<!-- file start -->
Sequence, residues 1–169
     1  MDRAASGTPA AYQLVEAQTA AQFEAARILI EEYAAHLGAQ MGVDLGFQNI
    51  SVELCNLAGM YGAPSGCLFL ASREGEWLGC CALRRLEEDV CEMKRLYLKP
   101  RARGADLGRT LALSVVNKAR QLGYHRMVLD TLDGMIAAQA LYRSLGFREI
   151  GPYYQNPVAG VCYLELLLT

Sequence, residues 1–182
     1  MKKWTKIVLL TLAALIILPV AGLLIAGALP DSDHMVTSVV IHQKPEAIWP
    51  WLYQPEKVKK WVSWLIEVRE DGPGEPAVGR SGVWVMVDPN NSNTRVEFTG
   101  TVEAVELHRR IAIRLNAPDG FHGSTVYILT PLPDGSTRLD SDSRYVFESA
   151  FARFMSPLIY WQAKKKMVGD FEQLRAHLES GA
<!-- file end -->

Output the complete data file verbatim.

Sequence, residues 1–169
     1  MDRAASGTPA AYQLVEAQTA AQFEAARILI EEYAAHLGAQ MGVDLGFQNI
    51  SVELCNLAGM YGAPSGCLFL ASREGEWLGC CALRRLEEDV CEMKRLYLKP
   101  RARGADLGRT LALSVVNKAR QLGYHRMVLD TLDGMIAAQA LYRSLGFREI
   151  GPYYQNPVAG VCYLELLLT

Sequence, residues 1–182
     1  MKKWTKIVLL TLAALIILPV AGLLIAGALP DSDHMVTSVV IHQKPEAIWP
    51  WLYQPEKVKK WVSWLIEVRE DGPGEPAVGR SGVWVMVDPN NSNTRVEFTG
   101  TVEAVELHRR IAIRLNAPDG FHGSTVYILT PLPDGSTRLD SDSRYVFESA
   151  FARFMSPLIY WQAKKKMVGD FEQLRAHLES GA